The following Banking & Finance practice note provides comprehensive and up to date legal information covering:
This Practice Note looks at the main characteristics of an operating lease and the key advantages of a lease of this nature in comparison to a finance or capital lease:
for more information on finance leases, see Practice Note: Finance Leases
for an illustration of the key characteristics of operating and finance leases, see Practice Note: Lease finance structures, and
for information on alternative structures, see Practice Note: Alternative Leasing Structures
An operating lease is generally for a short term (less than 10 years) and runs for less than the full economic life of the asset. The key difference between an operating lease and a finance lease is that under an operating lease the risk in relation to the value of the equipment throughout the lease period falls upon the lessor rather than the lessee.
Once the initial lease period has come to an end, the lessee will return the equipment to the lessor or, alternatively, the parties may negotiate and agree terms for the continued use of the asset by the lessee and a further lease period will commence. The level of the costs for any additional lease period will reflect the market value of the equipment at the time of the negotiation, as well as the availability and costs of obtaining any alternative or replacement equipment. The negotiations take place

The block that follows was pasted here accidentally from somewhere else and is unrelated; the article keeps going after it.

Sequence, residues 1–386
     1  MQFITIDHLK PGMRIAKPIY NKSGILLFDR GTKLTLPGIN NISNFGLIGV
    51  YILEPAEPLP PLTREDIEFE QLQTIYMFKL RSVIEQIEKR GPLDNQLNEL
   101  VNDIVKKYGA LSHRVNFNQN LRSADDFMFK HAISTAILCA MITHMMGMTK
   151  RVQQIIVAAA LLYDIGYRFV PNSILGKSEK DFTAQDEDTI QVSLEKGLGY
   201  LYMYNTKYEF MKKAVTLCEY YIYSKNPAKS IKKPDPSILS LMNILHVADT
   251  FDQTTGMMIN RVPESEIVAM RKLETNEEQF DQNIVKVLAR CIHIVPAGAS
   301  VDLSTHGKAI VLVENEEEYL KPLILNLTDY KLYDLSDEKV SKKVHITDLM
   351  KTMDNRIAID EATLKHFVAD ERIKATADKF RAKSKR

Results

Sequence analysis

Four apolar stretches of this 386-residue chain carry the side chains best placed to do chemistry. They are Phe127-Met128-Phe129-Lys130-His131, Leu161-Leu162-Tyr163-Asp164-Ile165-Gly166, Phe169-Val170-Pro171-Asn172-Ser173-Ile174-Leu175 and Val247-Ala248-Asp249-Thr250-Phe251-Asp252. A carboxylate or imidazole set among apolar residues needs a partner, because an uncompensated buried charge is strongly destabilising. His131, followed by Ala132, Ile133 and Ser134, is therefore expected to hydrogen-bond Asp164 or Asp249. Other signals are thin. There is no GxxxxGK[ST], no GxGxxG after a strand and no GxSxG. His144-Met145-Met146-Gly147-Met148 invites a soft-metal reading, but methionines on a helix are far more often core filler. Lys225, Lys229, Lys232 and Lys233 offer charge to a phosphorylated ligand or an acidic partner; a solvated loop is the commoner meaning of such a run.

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This Practice Note considers the law governing the procedural law of arbitration proceedings (the curial law or lex arbitri) and how it is determined under the law of England and Wales (England and English are used as convenient shorthand).The procedural law of the arbitral proceedingsThe procedural
When defendants are guilty, they have a choice to plead guilty or to put the prosecution to proof. When they plead guilty they may benefit from a reduction in their sentence as a result, see Practice Note: Credit for guilty plea. However, the Sentencing Council's overarching guidelines on reduction
What is rescission of a contract?The remedy of rescission is available to a party whose consent, in entering into a contract, has been invalidated in some way:•the effect of rescinding a contract is to extinguish it and restore the parties to their pre-contractual positions•the main grounds of
Community order requirementsCommunity order requirements are set out in the Criminal Justice Act 2003 (CJA 2003), as amended by the Legal Aid, Sentencing and Punishment of Offenders Act 2012 (LASPO 2012) and the Offender Rehabilitation Act 2014 (ORA 2014). Criminal Justice Act 2003, s 152(2)
0330 161 1234
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